Canadian rugby women prove to be Pan Am Games...
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Jul 11, 2015  |  Vote 0    0

Canadian rugby women prove to be Pan Am Games powerhouse

Canadian sevens shut out Colombia, Mexico and Brazil by combined 151-0 count on day one at Exhibition Stadium

OurWindsor.Ca

Canadians are reputed to be nice, considerate people, but it’s doubtful that the international field of rugby sevens would agree with that just now.

The Canadian women took to the pitch for the Pan Am tournament opener, scored in less than 30 seconds and never let up, trouncing Colombia 55-0.

The Mexicans didn’t fare any better — 60-0 Canada. The Brazilians, working hard to build their team for the Rio Olympics, put up more of a fight but still fell 36-0 to the dominant home team.

“We never let up,” captain Jen Kish said. “You don’t want to show any compassion for your opponents. Off the field is a different matter.

“When we play the U.S. (Sunday), chances are it will be a two-point spread, but no matter how big the point spread is we always try to give a show with the kickoffs. That’s one of the most exciting things about sevens — us winning the ball back — and I think Canadian fans don’t mind the big point spread.”

This is the first time Canada’s rugby sevens women and men have played an international tournament in Toronto — there were 21 matches in all on Saturday. The short turnaround between matches wasn’t a bad thing at all, according to Kish and teammate Karen Paquin.

They’re playing for their country and — as the “Ruck Cancer” notation on Kish’s taped wrists shows — with another cause in mind. Their fathers are battling cancer.

“He’s in the hospital. He’s been in the ICU for a bit, so it’s been pretty tough for me to stay focused” off the pitch, Kish said.

On the pitch it’s a different matter.

“I’m able to channel that energy and put it towards my team . . . I love to play and it keeps my mind off things. The difficult part is when I step off the field afterwards,” Kish added, pointing to her wrist tape in support of a rugby-themed fundraiser. “When I’m playing, it’s a dream come true.”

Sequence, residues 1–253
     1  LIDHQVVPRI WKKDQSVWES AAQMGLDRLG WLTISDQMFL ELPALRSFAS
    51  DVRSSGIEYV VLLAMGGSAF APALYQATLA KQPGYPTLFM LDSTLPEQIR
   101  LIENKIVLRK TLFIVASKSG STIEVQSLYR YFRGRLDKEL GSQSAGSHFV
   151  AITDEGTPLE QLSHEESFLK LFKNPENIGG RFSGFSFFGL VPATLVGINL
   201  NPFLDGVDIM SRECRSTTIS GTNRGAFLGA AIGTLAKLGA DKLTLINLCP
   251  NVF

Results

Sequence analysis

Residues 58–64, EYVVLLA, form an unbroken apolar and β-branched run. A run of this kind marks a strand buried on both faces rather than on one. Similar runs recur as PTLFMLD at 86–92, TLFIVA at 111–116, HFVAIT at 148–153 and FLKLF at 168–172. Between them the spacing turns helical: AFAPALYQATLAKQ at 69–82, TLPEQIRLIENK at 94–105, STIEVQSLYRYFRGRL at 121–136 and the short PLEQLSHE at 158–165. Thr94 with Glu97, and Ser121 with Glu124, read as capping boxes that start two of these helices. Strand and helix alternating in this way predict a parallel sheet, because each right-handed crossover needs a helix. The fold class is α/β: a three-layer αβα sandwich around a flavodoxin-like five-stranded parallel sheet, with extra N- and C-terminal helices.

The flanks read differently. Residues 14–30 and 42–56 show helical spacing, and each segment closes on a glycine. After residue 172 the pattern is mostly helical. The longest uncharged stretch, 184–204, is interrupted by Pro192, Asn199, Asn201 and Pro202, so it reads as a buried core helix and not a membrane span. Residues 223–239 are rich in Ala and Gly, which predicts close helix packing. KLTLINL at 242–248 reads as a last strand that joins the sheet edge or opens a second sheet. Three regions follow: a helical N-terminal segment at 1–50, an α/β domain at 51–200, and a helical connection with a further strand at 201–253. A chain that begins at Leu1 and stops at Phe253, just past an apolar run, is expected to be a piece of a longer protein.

This is the multi-sport Games debut for women’s rugby, a sneak peek at the action-packed sport that will make its Olympic debut next year in Rio. Canada’s women have already qualified.

Each game consists of seven-minute halves — 10 minutes in the final — with just a minute break for halftime.

For Canadian audiences more familiar with soccer or traditional 15-a-side rugby, the speed with which seven players cover the pitch is astounding. Blink and you could miss a five-point try and two-point conversion, especially when the Canadians are on the pitch.

The final score after day one at Exhibition Stadium: Canada 151, opponents 0.

As Ashley Steacy puts it: “When the tries come, we take them.”

The Canadians can’t afford to be generous in case point differential becomes a factor. They’ll play Argentina and the U.S. before the matchups for Sunday night’s medal round are set — perhaps with a Canada-U.S. rematch for gold.

In most summer team sports Canada would be the underdog against the Americans, but not in women’s rugby. The hosts rank second only to New Zealand, with the U.S. — which also won three times on Saturday, by a combined 120-14 — rated fifth.

“We have a good rivalry with them and we want to stay on top,” said Canada’s head coach, John Tait, who used his entire roster of 12 — subbing in five at a time, something he said he’d never done before. Every player but one scored a try or conversion.

“It was a luxury and a hope that we had coming into today,” he said. “We were able to rotate, share the minutes and rest up a little bit for (Sunday’s) games because they’ll be a lot tougher,” Tait added.

Toronto Star

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